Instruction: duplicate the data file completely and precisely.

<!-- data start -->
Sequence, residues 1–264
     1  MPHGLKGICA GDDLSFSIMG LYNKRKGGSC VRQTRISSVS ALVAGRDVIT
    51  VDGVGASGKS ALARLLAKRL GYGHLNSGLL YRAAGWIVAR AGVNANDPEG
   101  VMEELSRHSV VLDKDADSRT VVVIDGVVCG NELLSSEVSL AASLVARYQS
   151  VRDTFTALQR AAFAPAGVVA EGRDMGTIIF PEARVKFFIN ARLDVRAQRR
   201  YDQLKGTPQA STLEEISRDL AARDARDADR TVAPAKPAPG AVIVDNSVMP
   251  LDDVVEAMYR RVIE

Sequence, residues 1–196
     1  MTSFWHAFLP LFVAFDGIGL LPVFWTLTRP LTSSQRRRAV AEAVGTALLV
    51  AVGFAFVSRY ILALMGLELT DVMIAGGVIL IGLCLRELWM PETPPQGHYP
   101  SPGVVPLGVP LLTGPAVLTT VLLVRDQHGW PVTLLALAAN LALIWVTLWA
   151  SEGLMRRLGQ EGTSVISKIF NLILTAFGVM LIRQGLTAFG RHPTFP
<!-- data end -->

Sequence, residues 1–264
     1  MPHGLKGICA GDDLSFSIMG LYNKRKGGSC VRQTRISSVS ALVAGRDVIT
    51  VDGVGASGKS ALARLLAKRL GYGHLNSGLL YRAAGWIVAR AGVNANDPEG
   101  VMEELSRHSV VLDKDADSRT VVVIDGVVCG NELLSSEVSL AASLVARYQS
   151  VRDTFTALQR AAFAPAGVVA EGRDMGTIIF PEARVKFFIN ARLDVRAQRR
   201  YDQLKGTPQA STLEEISRDL AARDARDADR TVAPAKPAPG AVIVDNSVMP
   251  LDDVVEAMYR RVIE

Sequence, residues 1–196
     1  MTSFWHAFLP LFVAFDGIGL LPVFWTLTRP LTSSQRRRAV AEAVGTALLV
    51  AVGFAFVSRY ILALMGLELT DVMIAGGVIL IGLCLRELWM PETPPQGHYP
   101  SPGVVPLGVP LLTGPAVLTT VLLVRDQHGW PVTLLALAAN LALIWVTLWA
   151  SEGLMRRLGQ EGTSVISKIF NLILTAFGVM LIRQGLTAFG RHPTFP